Tech on Deck: Tying It to the Television

As prices and profitability on televisions continue to fall, TV retailers are more motivated than ever to push consumers past this glass ceiling of purchasing only a television.

A recent NPD study looking at the basket of goods consumers purchase when buying a TV revealed that about a third of consumers buy other products with their television sets. The breadth of these products includes connections, protections, even confections.

With such a high percentage of televisions supporting high-definition output -- some as small as 19 inches -- it's no surprise that consumers are looking to new consumer electronics components that match the output from their TVs.

At January's Consumer Electronics Show, this was evident in such moves as Samsung releasing a HTIB system that reflected its new TV's "touch of color" industrial design. LG also introduced new systems co-designed with legendary audio engineer Mark Levinson.

As anticipated, according to NPD's research, HDMI cables were among the most popular items sold with TVs overall. These high-speed connection cables have become practically a necessity for those moving up from an analog television, even if consumers are doing no more than connecting an HDTV to a simple up-converting DVD player. In addition, the differing dimensions of HDTVs from their analog predecessors have often required different arrangements within the home.

With living room televisions becoming thinner than ever, 17 percent of all respondents who had purchased a television said they had also bought mounting brackets. Results were, of course, higher for flat-panel buyers.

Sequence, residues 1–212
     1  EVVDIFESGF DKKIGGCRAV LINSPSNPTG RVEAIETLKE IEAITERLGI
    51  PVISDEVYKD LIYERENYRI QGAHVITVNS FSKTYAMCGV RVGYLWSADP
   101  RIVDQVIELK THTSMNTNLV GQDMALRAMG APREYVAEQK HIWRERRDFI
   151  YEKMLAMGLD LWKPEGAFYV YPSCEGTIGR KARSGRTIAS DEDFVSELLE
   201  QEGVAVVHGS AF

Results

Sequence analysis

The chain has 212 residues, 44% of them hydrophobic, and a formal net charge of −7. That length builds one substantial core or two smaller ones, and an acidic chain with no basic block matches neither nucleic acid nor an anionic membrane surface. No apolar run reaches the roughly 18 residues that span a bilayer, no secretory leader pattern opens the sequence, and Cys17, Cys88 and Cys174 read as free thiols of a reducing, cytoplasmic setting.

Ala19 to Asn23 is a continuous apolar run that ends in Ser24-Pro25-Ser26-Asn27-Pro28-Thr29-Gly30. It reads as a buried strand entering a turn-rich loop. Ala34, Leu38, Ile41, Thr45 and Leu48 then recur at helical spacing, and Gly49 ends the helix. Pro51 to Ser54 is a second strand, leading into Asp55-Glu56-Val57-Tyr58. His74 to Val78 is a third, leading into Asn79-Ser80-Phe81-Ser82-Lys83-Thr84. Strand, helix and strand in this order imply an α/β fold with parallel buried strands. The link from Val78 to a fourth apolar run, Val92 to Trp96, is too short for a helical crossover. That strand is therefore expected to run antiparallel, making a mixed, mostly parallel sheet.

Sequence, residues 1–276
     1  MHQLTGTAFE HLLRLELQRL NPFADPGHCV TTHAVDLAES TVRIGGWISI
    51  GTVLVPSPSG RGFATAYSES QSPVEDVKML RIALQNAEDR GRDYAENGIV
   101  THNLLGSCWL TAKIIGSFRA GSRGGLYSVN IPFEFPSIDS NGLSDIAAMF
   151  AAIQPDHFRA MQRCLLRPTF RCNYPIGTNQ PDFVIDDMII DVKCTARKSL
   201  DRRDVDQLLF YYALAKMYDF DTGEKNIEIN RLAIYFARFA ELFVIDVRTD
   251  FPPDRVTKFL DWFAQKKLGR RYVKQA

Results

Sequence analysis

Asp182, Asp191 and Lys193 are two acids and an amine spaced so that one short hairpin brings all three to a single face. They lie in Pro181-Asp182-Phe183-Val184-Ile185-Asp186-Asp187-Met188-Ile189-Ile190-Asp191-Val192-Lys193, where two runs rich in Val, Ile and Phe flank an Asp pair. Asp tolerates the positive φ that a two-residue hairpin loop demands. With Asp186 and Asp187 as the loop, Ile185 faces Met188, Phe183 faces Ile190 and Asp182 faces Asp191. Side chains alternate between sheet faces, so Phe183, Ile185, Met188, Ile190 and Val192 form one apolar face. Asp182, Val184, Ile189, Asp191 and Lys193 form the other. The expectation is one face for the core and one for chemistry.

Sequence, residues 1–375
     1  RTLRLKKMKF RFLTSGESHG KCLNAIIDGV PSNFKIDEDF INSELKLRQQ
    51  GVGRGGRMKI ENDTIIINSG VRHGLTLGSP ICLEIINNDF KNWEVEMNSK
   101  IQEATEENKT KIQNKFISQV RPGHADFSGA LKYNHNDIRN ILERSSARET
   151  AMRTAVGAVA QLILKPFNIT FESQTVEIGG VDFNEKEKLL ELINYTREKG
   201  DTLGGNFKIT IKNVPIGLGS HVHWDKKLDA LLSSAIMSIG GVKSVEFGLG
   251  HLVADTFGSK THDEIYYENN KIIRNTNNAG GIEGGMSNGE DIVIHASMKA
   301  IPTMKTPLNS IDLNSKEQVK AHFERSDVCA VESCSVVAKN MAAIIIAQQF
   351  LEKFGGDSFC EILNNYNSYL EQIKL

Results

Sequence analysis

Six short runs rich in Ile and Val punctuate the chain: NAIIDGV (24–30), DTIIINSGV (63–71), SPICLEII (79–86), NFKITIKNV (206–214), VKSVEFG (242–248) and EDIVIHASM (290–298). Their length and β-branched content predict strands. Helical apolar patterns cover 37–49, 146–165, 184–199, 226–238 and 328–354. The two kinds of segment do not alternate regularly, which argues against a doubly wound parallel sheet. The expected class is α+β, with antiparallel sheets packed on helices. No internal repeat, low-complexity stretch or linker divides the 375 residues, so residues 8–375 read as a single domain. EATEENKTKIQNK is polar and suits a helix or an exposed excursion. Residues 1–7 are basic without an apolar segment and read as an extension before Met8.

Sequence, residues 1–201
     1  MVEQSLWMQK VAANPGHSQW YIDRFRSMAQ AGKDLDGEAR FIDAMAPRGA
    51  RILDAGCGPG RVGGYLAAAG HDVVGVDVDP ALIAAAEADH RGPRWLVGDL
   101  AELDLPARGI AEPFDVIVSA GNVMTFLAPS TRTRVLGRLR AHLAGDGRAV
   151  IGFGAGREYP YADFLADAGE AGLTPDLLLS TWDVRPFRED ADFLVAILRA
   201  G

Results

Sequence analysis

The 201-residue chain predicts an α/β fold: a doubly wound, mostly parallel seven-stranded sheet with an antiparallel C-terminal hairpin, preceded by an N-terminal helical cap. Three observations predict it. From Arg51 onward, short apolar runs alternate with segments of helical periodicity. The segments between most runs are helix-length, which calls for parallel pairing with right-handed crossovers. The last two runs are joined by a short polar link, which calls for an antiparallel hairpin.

Entertainment centers may struggle moving forward with the decreasing popularity of rear projection televisions. Forty-four percent of those who had bought a rear projection TV in the past 12 months reported buying such a stand or center for use with their TV, making furniture the most popular cross-sold item for rear projection TV. Rear projection was the only TV type for which furniture was a more popular accessory purchase than HDMI cables. However, rear projection TV buyers tended to buy less expensive entertainment centers than LCD owners.

Consumers' desire to trade up to larger screen sizes while fitting such TVs into existing consoles or entertainment cabinets have led many top-tier manufacturers to explore flat-panel televisions with thinner bezels (this is the border around the screen). Sony, for example, has grouped such LCD TVs in its Z series of Bravias.

NPD found that an extended warranty was the second most popular item purchased with a television, with nearly one-in-three reporting that they opted for extra purchase protection. Other popular service options were complex installations and delivery.

However, many consumers may prefer to get their TVs at Wal-Mart rather than a retailer that will install a wall mount. Thirteen percent of consumers surveyed said they bought items unrelated to the television at the time they bought their TVs. The most common of these was food, which might lend new meaning to the term "TV dinner."

Ross Rubin is director of industry analysis for consumer technology at the NPD Group.

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